The Case for Preserving Cognition with Hearing Aids

Drug stops overactive electrical signals
By Dennis Hampton, PhD

A long-term study of 2,040 older adults found that cognitive decline was significantly reduced in subjects who used hearing aids. Published in the June 2018 Journal of the American Geriatrics Society—and summarized by Dawes et alin the January 2019 Hearing Review—the data were drawn from the Health and Retirement Study over an 18-year period. Subjects were age 50 and older, had no dementia at baseline, and began using hearing aids during the 18-year period. Cognitive function was assessed using short-term and delayed recall of a list of 10 words (episodic memory).

Before using hearing aids, participants could remember 0.1 fewer words on the memory test per year on average; following hearing aid use, the average rate of decline was reduced to 0.02 fewer words recalled per year. The investigators stated this “suggests that effective identification and treatment of age-related hearing impairment may have a significant impact on age-associated cognitive trajectories and possibly reduce the incidence of dementia.”2

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Conclusion

There is now a significant body of research that strongly supports the importance of treatment for adults with hearing loss. Intervention not only reduces the social isolation, depression, and anxiety that untreated hearing loss can cause, but can also play an important role in minimizing cognitive decline and delaying the onset of dementia.  The benefits are significantly improved quality of life for millions of adults, as well as billions of dollars in healthcare savings.

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Correspondence can be addressed to Dr Hampton at: dchampton@hhcnews.com

Citation for this article: Hampton D. The case for preserving cognition with hearing aids. Hearing Review. 2019;26(2)[Feb]:20.

 

Published on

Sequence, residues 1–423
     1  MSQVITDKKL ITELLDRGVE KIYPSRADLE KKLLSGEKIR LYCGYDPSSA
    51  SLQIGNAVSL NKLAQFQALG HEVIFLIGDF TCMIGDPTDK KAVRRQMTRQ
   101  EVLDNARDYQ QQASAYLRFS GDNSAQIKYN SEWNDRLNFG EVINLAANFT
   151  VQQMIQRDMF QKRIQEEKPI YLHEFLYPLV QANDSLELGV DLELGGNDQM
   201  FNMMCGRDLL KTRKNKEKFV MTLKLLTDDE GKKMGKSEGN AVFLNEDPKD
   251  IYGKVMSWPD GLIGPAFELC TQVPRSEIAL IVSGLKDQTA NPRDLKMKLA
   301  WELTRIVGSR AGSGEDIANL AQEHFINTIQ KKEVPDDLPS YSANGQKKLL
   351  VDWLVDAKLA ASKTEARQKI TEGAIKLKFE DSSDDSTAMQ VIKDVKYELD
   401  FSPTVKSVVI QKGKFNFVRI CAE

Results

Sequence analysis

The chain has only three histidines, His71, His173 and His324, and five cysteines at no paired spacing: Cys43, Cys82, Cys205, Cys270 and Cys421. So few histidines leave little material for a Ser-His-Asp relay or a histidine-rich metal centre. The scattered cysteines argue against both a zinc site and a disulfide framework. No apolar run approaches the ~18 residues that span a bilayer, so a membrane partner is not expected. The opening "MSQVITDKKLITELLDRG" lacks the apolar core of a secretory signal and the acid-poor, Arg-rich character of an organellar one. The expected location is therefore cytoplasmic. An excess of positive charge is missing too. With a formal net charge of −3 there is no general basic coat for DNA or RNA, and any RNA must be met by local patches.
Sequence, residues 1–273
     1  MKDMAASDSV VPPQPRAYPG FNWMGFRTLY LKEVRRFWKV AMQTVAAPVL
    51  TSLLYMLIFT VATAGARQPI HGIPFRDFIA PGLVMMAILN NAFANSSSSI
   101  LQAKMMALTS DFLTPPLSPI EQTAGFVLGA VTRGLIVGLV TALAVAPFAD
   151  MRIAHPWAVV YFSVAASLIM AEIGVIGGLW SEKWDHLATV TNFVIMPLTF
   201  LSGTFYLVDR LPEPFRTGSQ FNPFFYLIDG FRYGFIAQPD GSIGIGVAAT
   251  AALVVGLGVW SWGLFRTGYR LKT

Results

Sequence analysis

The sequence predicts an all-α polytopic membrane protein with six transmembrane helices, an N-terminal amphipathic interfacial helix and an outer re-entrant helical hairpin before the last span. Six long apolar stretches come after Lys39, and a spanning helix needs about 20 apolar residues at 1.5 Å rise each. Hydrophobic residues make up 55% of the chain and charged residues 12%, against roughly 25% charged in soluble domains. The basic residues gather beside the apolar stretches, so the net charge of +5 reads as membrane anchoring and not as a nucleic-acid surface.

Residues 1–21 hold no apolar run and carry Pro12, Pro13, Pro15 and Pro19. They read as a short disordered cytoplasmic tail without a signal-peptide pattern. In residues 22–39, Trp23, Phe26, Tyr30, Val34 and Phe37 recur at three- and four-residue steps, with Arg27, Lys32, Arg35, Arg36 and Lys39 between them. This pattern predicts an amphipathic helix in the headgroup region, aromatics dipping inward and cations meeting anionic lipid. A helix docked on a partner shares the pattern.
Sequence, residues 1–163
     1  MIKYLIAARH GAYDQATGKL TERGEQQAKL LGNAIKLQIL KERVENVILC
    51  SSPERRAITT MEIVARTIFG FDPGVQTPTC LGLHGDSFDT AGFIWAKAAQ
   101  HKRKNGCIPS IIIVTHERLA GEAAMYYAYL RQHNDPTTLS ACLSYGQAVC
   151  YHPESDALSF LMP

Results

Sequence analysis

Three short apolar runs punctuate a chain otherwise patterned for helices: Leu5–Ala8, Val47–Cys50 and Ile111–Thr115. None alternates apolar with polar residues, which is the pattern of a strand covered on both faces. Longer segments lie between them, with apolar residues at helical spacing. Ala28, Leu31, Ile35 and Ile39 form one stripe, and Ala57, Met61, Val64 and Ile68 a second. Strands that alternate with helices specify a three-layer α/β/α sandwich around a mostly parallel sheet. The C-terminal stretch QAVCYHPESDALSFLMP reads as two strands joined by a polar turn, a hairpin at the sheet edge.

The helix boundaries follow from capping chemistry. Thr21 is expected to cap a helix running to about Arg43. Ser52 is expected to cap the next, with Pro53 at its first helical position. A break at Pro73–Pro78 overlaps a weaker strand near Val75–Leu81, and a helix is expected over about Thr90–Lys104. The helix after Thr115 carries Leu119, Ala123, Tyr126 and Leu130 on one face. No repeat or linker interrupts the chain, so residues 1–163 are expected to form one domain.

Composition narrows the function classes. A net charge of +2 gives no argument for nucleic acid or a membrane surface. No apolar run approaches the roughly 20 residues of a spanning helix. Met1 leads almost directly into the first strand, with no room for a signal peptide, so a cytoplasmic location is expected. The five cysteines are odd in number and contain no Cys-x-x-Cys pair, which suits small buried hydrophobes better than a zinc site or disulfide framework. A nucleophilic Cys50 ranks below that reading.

Research | February 2019 Hearing Review

 

References 

  1. Maharani A, Dawes P, Nazroo J, Tampubolon G, Pendleton N, on behalf of the SENSE-Cog WP1 group. Longitudinal relationships between hearing aid use and cognitive function in older Americans. J Am Geriatr Soc. 2018;66(6):1130-1136.

  2. Dawes P, Maharani A, Nazroo J, Tampubolon G, Pendleton N, on behalf of the SENSE-Cog WP1 group. Evidence that hearing aids could slow cognitive decline in later life. Hearing Review. 2019;26(1):10-11.

  3. Livingston G, Sommerlad A, Orgeta V, et al. Dementia prevention, intervention, and care. Lancet.2017;390(10113):2673-2734.

  4. Hampton D. Nine risk factors associated with dementiaHearing Review. 2018;25(8):22.

  5. Lin FR, Metter J, O’Brien RJ, Resnick SM, Zonderman AB, Ferrucci L.  Hearing loss and incident dementia. Arch Neurol. 2011;68(2):214-220.

  6. Obuchi C, Harashima T, Shiroma M. Age-related changes in auditory and cognitive abilities in elderly persons with hearing aids fitted at the initial stages of hearing lossAudiol Res.2011;1(e11):40-41.

  7. Amieva H, Ouvrard C, Giulioli C, Meillon C, Rullier L, Dartigues J-F. Self-reported hearing loss, hearing aids, and cognitive decline in elderly adults: A 25-year study. J Am Geriatr Soc. 2015;63(10):2099-2104.

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